Admission to all 393 national parks is free this Thursday in honor of Veterans Day, and there’s no better way to observe the day than to discover something you didn’t know about America’s military history.
In addition to all of the most famous national battlefields like Gettysburg, Antietam and Manassas, here are some great places to visit that may offer some unusual perspective about our nation at war.
- Big Hole National Battlefield, Montana: The life of the U. S. Cavalry often involved battles with Native Americans, and few were more devastating than this ambush of the Nez Perce tribe on August 9, 1877. The Cavalry had orders to relocate all western Indians to reservations, but the Nez Perce resisted this removal from their tribal lands. This early morning attack resulted in nearly 90 deaths among the Nez Perce, as well as 31 Cavalry deaths. Bear Paw Battlefield, a nearby unit of this park, commemorates the final conflict in this war on October 5, 1877.
- Chalmette Battlefield at Jean Lafitte National Historical Park and Preserve, Louisiana: Just outside of New Orleans, the American army led by General Andrew Jackson held this ground against superior British forces on January 8, 1815, in the last battle of the War of 1812. The Battle of New Orleans, actually fought after the Treaty of Ghent was signed in Washington in December 1814, became a symbol of the new nation’s might over old-world British imperialism.
- Cowpens National Battlefield, South Carolina: Get the real story of the battle at the Cow Pens, instead of the supercharged, ax-wielding dramatization in the movie The Patriot. Not many military leaders have pulled off a double envelopment, a complex maneuver in which forces attack the enemy’s army from the front and sides, essentially leaving them no choice but to retreat. This pivotal Revolutionary War battle on January 17, 1781, turned the war’s Southern Campaign in the Patriots’ favor, signaling the beginning of the end for the British Loyalists.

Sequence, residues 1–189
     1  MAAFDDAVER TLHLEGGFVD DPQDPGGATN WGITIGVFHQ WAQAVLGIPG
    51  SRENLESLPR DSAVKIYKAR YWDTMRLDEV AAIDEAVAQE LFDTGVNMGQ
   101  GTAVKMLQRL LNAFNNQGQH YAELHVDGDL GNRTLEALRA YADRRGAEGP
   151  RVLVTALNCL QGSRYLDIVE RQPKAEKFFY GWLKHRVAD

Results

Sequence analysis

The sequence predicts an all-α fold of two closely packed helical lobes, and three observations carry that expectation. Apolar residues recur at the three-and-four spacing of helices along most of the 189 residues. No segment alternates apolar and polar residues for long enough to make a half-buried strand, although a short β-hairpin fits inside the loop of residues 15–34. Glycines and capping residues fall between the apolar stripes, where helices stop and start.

- Fort Necessity National Battlefield, Pennsylvania: Long before World War I, a world war broke out here in the summer of 1754, pitting the British, French, and American Indians against one another in a battle for land and domain. History calls this the French and Indian War, but the world knows it as the Seven Years’ War—and it launched the military career of a young leader, George Washington, whose destiny had yet to unfold. Washington actually surrendered his fort at the end of this summer, making this the only military surrender in his entire career.